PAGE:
It's great news for anyone who really loves their morning cup of joe.

By Kelly Vaughan
February 11, 2021
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In addition to tasting delicious, one of the biggest perks of drinking coffee is that it helps you feel more awake and energized. If you find yourself unable to get through a day without a cup of joe, science says that may not be such a bad thing. According to a review of diet data of more than 21,000 American adults from three major studies, the American Heart Association (AHA) found that consuming at least one eight-ounce cup of plain black coffee each day could reduce long-term risks of heart failure.

In one of the three studies analyzed by the AHA, the risk of heart failure was the same whether a person consumed no coffee or one cup of black coffee; however, those who drank two or more cups of black coffee each day reduced their risk for heart failure by approximately 30 percent.

"While unable to prove causality, it is intriguing that these three studies suggest that drinking coffee is associated with a decreased risk of heart failure and that coffee can be part of a healthy dietary pattern if consumed plain, without added sugar and high-fat dairy products such as cream," said registered dietitian Penny Kris-Etherton, immediate past chairperson of the American Heart Association's Lifestyle and Cardiometabolic Health Council Leadership Committee, in a statement.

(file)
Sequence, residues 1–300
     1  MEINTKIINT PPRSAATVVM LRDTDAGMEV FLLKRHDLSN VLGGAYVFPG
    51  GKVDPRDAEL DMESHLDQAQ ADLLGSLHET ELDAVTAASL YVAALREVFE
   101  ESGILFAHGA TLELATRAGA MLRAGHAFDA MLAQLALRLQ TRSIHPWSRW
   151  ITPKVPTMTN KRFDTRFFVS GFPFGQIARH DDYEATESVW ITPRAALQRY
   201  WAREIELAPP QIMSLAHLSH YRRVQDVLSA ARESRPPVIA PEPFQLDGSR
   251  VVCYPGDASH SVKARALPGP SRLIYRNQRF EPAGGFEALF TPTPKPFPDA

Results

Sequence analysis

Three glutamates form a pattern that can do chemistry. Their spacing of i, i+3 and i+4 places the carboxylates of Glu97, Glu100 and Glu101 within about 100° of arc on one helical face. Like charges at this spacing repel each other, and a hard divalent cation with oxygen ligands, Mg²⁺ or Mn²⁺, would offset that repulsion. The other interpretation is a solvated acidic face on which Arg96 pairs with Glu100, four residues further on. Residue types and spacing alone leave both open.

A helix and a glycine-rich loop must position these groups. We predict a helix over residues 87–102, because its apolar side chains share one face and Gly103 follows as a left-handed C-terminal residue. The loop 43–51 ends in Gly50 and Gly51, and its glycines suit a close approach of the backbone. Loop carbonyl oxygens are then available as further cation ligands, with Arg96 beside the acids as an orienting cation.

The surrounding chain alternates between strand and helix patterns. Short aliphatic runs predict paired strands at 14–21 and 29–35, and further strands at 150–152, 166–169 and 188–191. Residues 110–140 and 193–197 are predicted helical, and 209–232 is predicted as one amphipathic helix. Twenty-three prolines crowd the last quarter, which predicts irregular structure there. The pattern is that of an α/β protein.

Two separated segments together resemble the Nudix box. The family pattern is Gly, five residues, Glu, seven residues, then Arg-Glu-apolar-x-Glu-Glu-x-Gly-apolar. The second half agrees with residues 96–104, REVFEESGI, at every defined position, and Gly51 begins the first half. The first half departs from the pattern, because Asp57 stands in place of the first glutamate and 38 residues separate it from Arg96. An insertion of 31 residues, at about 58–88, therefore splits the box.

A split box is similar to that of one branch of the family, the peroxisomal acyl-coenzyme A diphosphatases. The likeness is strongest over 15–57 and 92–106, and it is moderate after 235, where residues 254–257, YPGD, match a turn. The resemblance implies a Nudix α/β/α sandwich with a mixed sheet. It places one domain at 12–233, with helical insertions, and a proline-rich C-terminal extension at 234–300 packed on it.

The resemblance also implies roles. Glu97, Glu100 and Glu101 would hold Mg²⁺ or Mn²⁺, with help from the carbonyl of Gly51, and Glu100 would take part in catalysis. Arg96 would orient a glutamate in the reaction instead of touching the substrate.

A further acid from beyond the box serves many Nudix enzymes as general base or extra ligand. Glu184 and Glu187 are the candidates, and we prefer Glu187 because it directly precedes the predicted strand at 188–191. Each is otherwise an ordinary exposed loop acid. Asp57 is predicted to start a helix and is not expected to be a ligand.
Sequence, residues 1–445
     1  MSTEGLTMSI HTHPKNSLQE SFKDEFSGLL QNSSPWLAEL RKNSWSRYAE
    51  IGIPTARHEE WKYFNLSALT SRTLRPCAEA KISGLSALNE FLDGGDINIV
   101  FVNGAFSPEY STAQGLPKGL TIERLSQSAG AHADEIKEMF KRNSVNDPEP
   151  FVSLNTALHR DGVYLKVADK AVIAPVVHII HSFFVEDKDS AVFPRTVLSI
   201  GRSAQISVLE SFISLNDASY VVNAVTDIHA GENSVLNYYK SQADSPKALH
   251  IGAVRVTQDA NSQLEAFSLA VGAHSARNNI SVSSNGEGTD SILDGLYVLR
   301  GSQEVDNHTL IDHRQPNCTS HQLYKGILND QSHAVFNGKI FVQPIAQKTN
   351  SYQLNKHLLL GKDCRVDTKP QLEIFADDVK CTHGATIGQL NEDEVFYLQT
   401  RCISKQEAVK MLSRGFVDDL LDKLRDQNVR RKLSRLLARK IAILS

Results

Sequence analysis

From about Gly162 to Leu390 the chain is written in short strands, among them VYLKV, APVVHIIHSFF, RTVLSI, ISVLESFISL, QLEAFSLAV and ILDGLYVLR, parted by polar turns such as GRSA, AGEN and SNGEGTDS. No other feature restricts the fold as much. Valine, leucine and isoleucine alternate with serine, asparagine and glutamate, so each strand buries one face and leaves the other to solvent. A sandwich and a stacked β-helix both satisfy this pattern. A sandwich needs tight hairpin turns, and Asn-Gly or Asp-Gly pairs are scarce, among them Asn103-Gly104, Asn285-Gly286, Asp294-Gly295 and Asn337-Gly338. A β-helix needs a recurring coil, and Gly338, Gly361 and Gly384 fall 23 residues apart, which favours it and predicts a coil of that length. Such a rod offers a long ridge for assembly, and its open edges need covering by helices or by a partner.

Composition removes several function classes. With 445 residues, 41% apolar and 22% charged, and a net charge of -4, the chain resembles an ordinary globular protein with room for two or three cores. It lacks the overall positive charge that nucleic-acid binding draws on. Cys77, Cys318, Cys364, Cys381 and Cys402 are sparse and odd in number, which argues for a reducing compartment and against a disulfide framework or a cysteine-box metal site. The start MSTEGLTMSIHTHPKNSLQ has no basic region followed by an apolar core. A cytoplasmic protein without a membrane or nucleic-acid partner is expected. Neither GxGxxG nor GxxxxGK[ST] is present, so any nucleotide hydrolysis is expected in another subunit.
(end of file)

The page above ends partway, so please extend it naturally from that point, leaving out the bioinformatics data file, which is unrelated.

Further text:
The AHA notes that this study specifically relates to drinking black coffee, which means that adding milk, cream, sugar, or flavored syrups that are high in calories can negate any health benefits that black coffee may offer. Of course, coffee can also increase your heart rate, cause jitteriness, and result in poor sleep; if you find that you are over-stimulated from drinking coffee, cut back on how many cups you consume each day.

Additionally, the studies found that the brewing method can play a role in just how good coffee may be for you. While filtered methods such as pour-over coffee or a traditional drip coffee maker are safe, unfiltered coffee makers such as a French press or Turkish coffee fail to catch a chemical compound found in coffee known as cafestol, which can increase levels of LDL (low-density lipoproteins) linked to bad cholesterol.

"The bottom line: enjoy coffee in moderation as part of an overall heart-healthy dietary pattern that meets recommendations for fruits and vegetables, whole grains, low-fat/non-fat dairy products, and that also is low in sodium, saturated fat and added sugars," Kris-Etherton said.

This story originally appeared on marthastewart.com